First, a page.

Clark Street students read Great World Texts

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More than 1,200 Wisconsin high school students - from areas as diverse as Middleton, Bonduel, Janesville, and the Milwaukee Public School system - are in the process of reading a book that many Americans have never heard of: the classic novel of sixteenth-century China, Wu Cheng’en’s Journey to the West.

Locally, students at Clark Street Community School, the Middleon-Cross Plains Area School District’s groundbreaking charter school, are taking part in the program. They even went on their own journey (to the east, to China Town in Chicago) as part of their studies.

Thanks to a major grant awarded by the Wisconsin Humanities Council to UW-Madison’s Center for the Humanities, UW-Madison faculty, graduate students and staff will join students in their classrooms to engage in the collaborative study of world literature over the course of the coming year.

Launched in 2005 by the Center for the Humanities, each year the Great World Texts in Wisconsin program engages high school students and teachers across the state in thoughtful, critical dialogue with one another and with world-renowned scholars about works of literature as diverse as Chinua Achebe’s Things Fall Apart and The Arabian Nights.

These texts serve as lenses through which to see our world anew, providing students the opportunity to discuss some of the most pressing issues of our time, and to explore the relationship between humanistic inquiry and global citizenship. Shaped by voices that reflect a variety of cultural and socioeconomic backgrounds, this conversation provides students a critical opportunity to explore these questions with peers from across the state of Wisconsin, and to become familiar with great works of literature that are not usually taught in high school classrooms.

Great World Texts is unforgettable to the students and teachers who participate. Lydia Myer, a junior at East High School in Madison who read Jean-Jacques Rousseau’s Confessions as part of last year’s program, says “I gained a greater appreciation for the history of the world. It was interesting to look into the life of someone from a different place and time.”

Arundhati Roy, author of the Booker Prize-winning novel The God of Small Things, says of her experience as keynote speaker at the student conference, “What more could any writer ask for? It was pure inspiration. I wanted to pack everybody up, the students, the teachers, and bring you home to show my folks how books should be taught, how books should be read, how books should be owned. I was exhilarated by the kind of mad, youthful creativity of the students and equally by their feisty, spirited teachers.”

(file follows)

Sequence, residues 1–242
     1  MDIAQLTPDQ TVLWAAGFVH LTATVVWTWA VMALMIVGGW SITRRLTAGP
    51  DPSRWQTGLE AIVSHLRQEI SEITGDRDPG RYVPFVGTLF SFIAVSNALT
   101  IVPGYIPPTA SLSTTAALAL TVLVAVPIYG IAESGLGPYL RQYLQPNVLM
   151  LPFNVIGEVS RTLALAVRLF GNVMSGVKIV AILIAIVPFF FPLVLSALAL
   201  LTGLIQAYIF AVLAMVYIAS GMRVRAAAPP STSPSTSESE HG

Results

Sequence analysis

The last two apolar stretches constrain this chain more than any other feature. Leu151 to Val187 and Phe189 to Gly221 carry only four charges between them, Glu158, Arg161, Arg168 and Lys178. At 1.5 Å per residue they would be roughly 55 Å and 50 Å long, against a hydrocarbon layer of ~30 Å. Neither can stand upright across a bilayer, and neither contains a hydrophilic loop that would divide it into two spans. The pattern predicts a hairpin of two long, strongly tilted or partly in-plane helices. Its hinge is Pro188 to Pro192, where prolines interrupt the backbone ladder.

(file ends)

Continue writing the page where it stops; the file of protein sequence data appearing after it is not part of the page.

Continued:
Grant funds awarded by the Wisconsin Humanities Council will support the Great World Texts program’s statewide outreach initiative, which is new to this year’s programming. In previous years, participating high school students convened on the UW-Madison campus for the program’s Annual Student Conference. The same is planned for this year, but with a twist thanks to the Wisconsin Humanities Council: over the next few months, UW-Madison experts and Great World Texts staff will visit high schools statewide to mentor students and educators as they prepare for the program’s culminating event.

Dena Wortzel, Executive Director of the Wisconsin Humanities Council, says “Great World Texts is the kind of experience that can change the way a student sees the world and their academic future.” The Wisconsin Humanities Council is “excited that Great World Texts has continued to expand to reach more schools across Wisconsin with one of the finest humanities education experiences available to K-12 teachers and their students,” says Wortzel.

The Great World Texts Annual Student Conference, featuring an interactive discussion with Tony Award-winning playwright David Henry Hwang, who created a TV film adaptation of the novel, will take place on Wednesday, April 20, 2016 from 8:30 a.m. to 3:00 p.m. at Union South. Conference events are free and open to all. Further information on the Great World Texts program, including a list of prior texts, teaching materials, and information on how to participate, is on the web at humanities.wisc.edu.

The Wisconsin Humanities Council is a leading statewide resource for librarians, teachers, museum educators and civic leaders, who drive entertaining and informative programs using history, culture and discussion to strengthen community life for everyone. The Wisconsin Humanities Council also awards more than $175,000 a year over seven rounds of grants to local organizations piloting humanities programming.

For more information on Wisconsin Humanities Council, visit http://wisconsinhumanities.org or connect on Facebook at www.facebook/WisconsinHumanitiesCouncil or Twitter at @WiHumanities.

 

 

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